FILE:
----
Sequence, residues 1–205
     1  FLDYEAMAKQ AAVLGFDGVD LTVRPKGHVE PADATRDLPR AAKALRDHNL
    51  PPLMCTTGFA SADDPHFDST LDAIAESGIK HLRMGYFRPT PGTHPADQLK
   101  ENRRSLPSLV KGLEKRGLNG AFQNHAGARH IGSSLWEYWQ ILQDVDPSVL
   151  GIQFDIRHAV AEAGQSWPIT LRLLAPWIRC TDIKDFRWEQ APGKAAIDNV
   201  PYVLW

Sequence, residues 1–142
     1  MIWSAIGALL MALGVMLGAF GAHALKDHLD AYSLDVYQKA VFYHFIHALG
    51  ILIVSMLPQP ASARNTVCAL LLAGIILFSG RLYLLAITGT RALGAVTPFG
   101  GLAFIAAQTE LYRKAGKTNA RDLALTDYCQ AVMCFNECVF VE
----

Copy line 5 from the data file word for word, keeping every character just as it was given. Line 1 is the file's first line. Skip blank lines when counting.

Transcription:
   151  GIQFDIRHAV AEAGQSWPIT LRLLAPWIRC TDIKDFRWEQ APGKAAIDNV